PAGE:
Organic Peroxide Incident

 

 

What Happened?

A student synthesized 750 mg of di-tert-butyl peroxyoxalate (CAS:1876-22-8), which is used as a low‐temperature radical initiator in synthetic reactions. Following its synthesis, di-tert-butyl peroxyoxalate should be stored dissolved in a solvent for later use. However, that final step was omitted and the compound was kept in a solid form. Later in the day, the student wanted to weigh out a sample of the di-tert-butyl peroxyoxalate. When the student tried to transfer the compound to a balance using a metal spatula, a violent exothermic reaction occurred causing the glass vial containing the di-tert-butyl peroxyoxalate to shatter. The student sustained minor lacerations and abrasions to their neck, arms and both hands, so was taken to the hospital. At the time of the incident, the student was wearing a flame resistant (FR) lab coat, safety glasses and disposable gloves, but no face shield. The student was also not working behind a blast shield.

 

What Was The Cause?

Di-tert-butyl peroxyoxalate is a shock sensitive chemical, especially when in a dry crystalline state. Instead of dissolving it in a solvent as the procedure stated, the compound was kept in a solid state for a period of time which allowed it to dry out. When the compound was pressed while being transferred with the metal spatula it detonated. 

 

Note that if a shock sensitive crystal is pressed by a small spatula with a contact area of 1 mm2 and a force of only 1 lb, that is equal to a force of 625 psi. Also, some explosive compounds are specifically sensitive to metal, as opposed to plastic, spatulas, but that is not likely with di-tert-butyl peroxyoxalate.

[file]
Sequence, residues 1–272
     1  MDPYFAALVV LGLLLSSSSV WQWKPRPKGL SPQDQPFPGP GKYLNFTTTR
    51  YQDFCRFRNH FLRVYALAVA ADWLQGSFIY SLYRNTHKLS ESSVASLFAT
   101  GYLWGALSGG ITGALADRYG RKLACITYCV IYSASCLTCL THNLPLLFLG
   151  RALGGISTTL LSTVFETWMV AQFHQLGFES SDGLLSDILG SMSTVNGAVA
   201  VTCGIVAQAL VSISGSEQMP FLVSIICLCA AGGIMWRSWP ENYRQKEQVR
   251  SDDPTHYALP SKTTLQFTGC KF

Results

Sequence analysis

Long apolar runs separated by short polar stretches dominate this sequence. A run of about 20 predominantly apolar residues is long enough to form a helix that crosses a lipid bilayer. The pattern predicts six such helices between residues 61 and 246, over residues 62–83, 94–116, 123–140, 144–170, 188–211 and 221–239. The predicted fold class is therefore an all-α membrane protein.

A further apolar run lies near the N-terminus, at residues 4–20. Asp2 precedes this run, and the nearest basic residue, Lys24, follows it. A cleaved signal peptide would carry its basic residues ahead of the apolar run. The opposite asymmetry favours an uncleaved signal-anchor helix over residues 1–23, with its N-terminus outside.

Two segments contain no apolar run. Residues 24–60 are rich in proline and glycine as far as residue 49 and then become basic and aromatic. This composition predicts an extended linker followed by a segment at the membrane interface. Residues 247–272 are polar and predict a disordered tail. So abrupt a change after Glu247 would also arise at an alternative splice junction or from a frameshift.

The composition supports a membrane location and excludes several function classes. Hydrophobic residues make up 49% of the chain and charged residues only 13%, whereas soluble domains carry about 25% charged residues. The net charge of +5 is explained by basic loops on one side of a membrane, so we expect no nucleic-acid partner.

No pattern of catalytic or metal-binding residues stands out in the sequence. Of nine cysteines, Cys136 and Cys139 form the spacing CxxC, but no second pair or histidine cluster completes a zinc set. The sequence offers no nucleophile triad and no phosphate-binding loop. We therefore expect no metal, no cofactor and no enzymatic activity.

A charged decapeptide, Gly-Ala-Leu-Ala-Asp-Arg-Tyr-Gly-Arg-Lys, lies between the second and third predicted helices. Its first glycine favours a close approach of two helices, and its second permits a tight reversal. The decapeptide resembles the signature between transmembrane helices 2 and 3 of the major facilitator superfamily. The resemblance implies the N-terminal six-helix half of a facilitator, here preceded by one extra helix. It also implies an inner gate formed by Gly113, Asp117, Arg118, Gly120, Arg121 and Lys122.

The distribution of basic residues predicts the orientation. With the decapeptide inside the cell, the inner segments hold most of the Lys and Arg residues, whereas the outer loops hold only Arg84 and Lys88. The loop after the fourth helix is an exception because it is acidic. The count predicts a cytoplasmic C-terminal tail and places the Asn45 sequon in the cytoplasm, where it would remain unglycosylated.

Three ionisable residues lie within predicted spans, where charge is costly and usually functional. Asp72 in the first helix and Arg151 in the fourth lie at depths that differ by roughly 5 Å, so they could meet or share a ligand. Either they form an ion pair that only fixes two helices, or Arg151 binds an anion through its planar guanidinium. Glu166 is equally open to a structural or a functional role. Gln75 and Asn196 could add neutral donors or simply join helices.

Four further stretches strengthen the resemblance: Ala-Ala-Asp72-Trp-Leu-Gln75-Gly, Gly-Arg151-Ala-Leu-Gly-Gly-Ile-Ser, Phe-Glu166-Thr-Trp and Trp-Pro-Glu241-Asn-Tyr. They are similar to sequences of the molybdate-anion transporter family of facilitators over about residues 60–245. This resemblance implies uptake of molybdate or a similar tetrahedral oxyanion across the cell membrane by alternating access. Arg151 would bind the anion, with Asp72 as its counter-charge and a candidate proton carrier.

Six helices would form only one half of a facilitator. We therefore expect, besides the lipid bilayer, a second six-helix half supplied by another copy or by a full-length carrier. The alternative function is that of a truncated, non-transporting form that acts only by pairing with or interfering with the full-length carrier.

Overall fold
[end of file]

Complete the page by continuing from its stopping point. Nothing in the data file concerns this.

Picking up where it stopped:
What Corrective Actions Were Taken?

  • All activities involving di-tert-butyl peroxyoxalate synthesis and use were halted until a safety review of the procedure was performed.
  • The PI discussed the incident with lab members.
  • The PI consulted with the EH&S department for advice on using this compound.
  • A risk assessment was conducted and mitigation measures were identified.
  • An SOP for the synthesis and use of di-tert-butyl peroxyoxalate was generated using all the gathered information.
  • Additional safety training was provided to lab members regarding preparation and use of organic peroxides.

 

How Can Incidents Like This Be Prevented?

  • Follow all steps of the written procedures for synthesizing of new compounds.
  • Laboratories preparing and using sock sensitive compounds such as di-tert-butyl peroxyoxalate should have full SOPs for their preparation and use.
  • Laboratories preparing and using sock sensitive compounds should have administrative controls in place to ensure that  inexperienced workers do not inadvertently work with them.
  • Laboratories preparing and using sock sensitive compounds such as di-tert-butyl peroxyoxalate should ensure that they are stored correctly.
  • Researchers should work behind a blast shield and wear all required PPE when working with shock sensitive chemicals.
  • If a blast shield is not used, consider using a face shield in addition to eye protection such as goggles.
  • Many shock sensitive compounds are less shock sensitive when moist with a solvent, however, that does not guarantee safety. Therefore, always use full protective measures when working with shock sensitive compounds

 

Resources

> Di‐t‐butyl peroxyoxalateentry in Encyclopedia of Reagents for Organic Synthesis:

https://onlinelibrary.wiley.com/doi/full/10.1002/047084289X.rd067.pub2

 

> Di‐t‐butyl Peroxyoxalate in PubChem database:

https://pubchem.ncbi.nlm.nih.gov/compound/193336

 

> Canadian Centre for Occupational Health and Safety fact sheet on organic peroxides:

https://www.ccohs.ca/oshanswers/chemicals/organic/organic_peroxide.html

 

 > SOP for Organic Peroxides Chemical Hazards and Risk Minimization from the University of Nebraska, Lincoln:

https://ehs.unl.edu/sop/s-organic_peroxides_chem_haz_risk_min.pdf

 

QUICK ACTION TIPS 

1. Call 911 to report major inuries.

2. Report all incidents to your supervisor.

3. Report all laboratory incidents to the EH&S department.

4. If a shock sensitive material accidently dries out, do not attempt to work with it. Instead, contact the EH&S department.